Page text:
Manually use rust-analyzer

Is there a tutorial somewhere on how to manually use rust-analyzer ?

I am trying to figure out how difficult it is to write a tool on top of LSP/rust-analyzer. I would prefer to not have to reverse engineer existing protocols. Is there documentation somewhere on manually talking to rust-analyzer ?

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Do you want the LSP specification?


Here: User Manual

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@stimzim User Manual looks really useful, but how do you actually use it? I.e. what is the command you type to rust-analyzer over stdin and what is the stdout

rust-analyzer analysis-stats

$ rust-analyzer analysis-stats
expected positional argument
$ rust-analyzer  --version
rust-analyzer 14de9e5

rust-analyzer analysis-stats requires the path to the project as argument. For example rust-analyzer analysis-stats ..

@bjorn3 : rust-analyzer analysis-stats . works. thanks!

@stimzim : what does this achieve? It is not clear to me how this brings us closer to be able to issue the LSP commands / queries described in the rust-analyzer manual

rust-analyzer --help

I am starting to question at this point whether you are engaging in good faith or if you are passively aggressively saying "RTFM"

The output of rust-analyzer --help is

$ rust-analyzer  --help

    rust-analyzer [FLAGS] [COMMAND] [COMMAND_OPTIONS]

    --version         Print version
    -h, --help        Print this help

    -v,  --verbose
    -vv, --spammy
    -q,  --quiet      Set verbosity

                      Dump a LSP config JSON schema
    --log-file <PATH> Log to the specified file instead of stderr
                      Flush log records to the file immediately

    --wait-dbg        Wait until a debugger is attached to.
                      The flag is valid for debug builds only

    RA_LOG            Set log filter in env_logger format
    RA_PROFILE        Enable hierarchical profiler
    RA_WAIT_DBG       If set acts like a --wait-dbg flag


not specified         Launch LSP server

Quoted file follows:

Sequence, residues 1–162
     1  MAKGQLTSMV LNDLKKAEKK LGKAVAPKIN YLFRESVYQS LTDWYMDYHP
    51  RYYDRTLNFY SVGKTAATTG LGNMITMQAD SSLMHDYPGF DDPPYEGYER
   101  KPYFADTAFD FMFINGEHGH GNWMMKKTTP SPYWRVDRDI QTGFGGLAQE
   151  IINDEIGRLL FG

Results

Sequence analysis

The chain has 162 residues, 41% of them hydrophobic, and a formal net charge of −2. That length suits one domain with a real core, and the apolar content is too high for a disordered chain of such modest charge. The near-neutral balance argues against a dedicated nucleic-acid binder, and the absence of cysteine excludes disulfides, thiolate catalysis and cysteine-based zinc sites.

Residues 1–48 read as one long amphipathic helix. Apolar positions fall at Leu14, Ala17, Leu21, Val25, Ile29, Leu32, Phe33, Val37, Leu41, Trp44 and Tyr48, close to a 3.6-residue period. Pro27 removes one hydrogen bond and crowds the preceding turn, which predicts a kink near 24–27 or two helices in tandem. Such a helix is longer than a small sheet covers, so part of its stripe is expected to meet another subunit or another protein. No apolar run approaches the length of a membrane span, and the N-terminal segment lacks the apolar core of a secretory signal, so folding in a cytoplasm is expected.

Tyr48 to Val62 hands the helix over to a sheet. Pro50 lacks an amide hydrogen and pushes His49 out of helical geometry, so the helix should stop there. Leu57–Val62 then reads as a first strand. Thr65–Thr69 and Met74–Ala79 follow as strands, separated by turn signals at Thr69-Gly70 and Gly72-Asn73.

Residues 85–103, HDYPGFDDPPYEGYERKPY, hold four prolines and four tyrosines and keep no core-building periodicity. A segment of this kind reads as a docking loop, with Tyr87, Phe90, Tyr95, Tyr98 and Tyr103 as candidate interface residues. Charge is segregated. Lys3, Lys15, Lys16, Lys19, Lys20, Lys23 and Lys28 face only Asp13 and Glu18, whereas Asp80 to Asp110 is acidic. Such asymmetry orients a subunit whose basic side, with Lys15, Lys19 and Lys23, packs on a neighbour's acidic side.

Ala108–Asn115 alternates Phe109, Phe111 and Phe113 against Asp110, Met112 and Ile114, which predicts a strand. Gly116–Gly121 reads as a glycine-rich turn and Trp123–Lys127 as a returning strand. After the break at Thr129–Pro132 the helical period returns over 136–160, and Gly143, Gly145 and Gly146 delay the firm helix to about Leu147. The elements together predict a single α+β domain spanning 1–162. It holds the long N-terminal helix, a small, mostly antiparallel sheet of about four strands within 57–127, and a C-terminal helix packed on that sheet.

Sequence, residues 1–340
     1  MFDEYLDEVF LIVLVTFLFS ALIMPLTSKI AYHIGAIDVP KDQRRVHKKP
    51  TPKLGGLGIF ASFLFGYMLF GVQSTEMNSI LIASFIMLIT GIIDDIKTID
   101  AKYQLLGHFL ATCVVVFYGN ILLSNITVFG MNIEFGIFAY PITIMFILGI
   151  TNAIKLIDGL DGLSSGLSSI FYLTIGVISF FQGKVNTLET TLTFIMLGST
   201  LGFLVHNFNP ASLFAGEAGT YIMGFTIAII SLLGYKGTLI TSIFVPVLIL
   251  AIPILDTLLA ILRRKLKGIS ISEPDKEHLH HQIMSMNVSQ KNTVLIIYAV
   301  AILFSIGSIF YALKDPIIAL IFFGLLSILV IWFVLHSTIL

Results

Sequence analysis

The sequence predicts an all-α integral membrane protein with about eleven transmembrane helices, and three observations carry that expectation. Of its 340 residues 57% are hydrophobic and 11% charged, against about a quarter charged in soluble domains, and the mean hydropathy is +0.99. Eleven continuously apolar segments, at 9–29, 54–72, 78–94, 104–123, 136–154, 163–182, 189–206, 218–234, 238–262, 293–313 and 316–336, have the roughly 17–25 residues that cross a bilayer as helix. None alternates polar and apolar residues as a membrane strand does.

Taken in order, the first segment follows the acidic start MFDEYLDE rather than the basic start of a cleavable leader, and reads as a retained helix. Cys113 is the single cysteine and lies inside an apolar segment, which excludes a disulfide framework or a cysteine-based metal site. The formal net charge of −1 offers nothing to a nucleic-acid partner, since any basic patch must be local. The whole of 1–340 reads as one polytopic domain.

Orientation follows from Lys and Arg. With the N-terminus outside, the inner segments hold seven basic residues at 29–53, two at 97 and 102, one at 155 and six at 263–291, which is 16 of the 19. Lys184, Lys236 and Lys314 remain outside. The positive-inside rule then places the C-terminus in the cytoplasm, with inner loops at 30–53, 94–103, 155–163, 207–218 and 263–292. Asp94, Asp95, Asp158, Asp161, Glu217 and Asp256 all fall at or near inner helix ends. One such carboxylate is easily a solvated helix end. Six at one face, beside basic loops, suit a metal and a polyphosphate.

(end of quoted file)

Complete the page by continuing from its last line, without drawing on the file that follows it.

parse <       Parse tree
    --no-dump         Suppress printing

symbols <     Parse input an print the list of symbols

highlight <   Highlight input as html
    --rainbow         Enable rainbow highlighting of identifiers

analysis-stats <PATH> Batch typecheck project and print summary statistics
    <PATH>            Directory with Cargo.toml
    --randomize       Randomize order in which crates, modules, and items are processed
    --parallel        Run type inference in parallel
    --memory-usage    Collect memory usage statistics
    -o, --only <PATH> Only analyze items matching this path
    --with-deps       Also analyze all dependencies
                      Load OUT_DIR values by running `cargo check` before analysis
    --with-proc-macro Use proc-macro-srv for proc-macro expanding

analysis-bench <PATH> Benchmark specific analysis operation
    <PATH>            Directory with Cargo.toml
    --highlight <PATH>
                      Compute syntax highlighting for this file
    --complete <PATH:LINE:COLUMN>
                      Compute completions at this location
    --goto-def <PATH:LINE:COLUMN>
                      Compute goto definition at this location
    --memory-usage    Collect memory usage statistics
                      Load OUT_DIR values by running `cargo check` before analysis
    --with-proc-macro Use proc-macro-srv for proc-macro expanding

diagnostics <PATH>
    <PATH>            Directory with Cargo.toml
                      Load OUT_DIR values by running `cargo check` before analysis
    --with-proc-macro Use proc-macro-srv for proc-macro expanding

ssr [RULE...]
    <RULE>            A structured search replace rule (`$$b) ==> bar($a, $b)`)

search [PATTERN..]
    <PATTERN>         A structured search replace pattern (`$$b)`)
    --debug <snippet> Prints debug information for any nodes with source exactly
                      equal to <snippet>

It is not obvious to me at all how these commands match up with the supported featuresin User Manual ; nor how to encode these into STDIN/STDOUT queries vs LSP.

The subcommands are for development and debugging, if you want to use the language server, just run rust-analyzer and start exchanging LSP messages via stdin/stdout. If you want to use it as a library, the API documentation is hosted here, but there's no convenient interface or more detailed instructions.

To issue LSP requests, simply run rust-analyzer and send the requests to its stdin.

Hyeonu linked to the LSP specification above, which documents the format of the RPC requests that you can send over stdio. For example, here's a minimal "initialize" request.

Content-Length: 154

  "jsonrpc": "2.0",
  "method": "initialize",
    "rootUri": null,
    "capabilities": {},
    "processId": null

Note that lines must be terminated by \r\n, so you probably can't just paste this into your terminal. Also, the Content-Length header is mandatory. Rather than writing to stdin directly, I imagine you'll want to write a small program to handle at least some of the encoding details.

rust-analyzer --help &> .0
rg lsp ./.0 -i -C1
22:not specified         Launch LSP server

is the output I was pointing to

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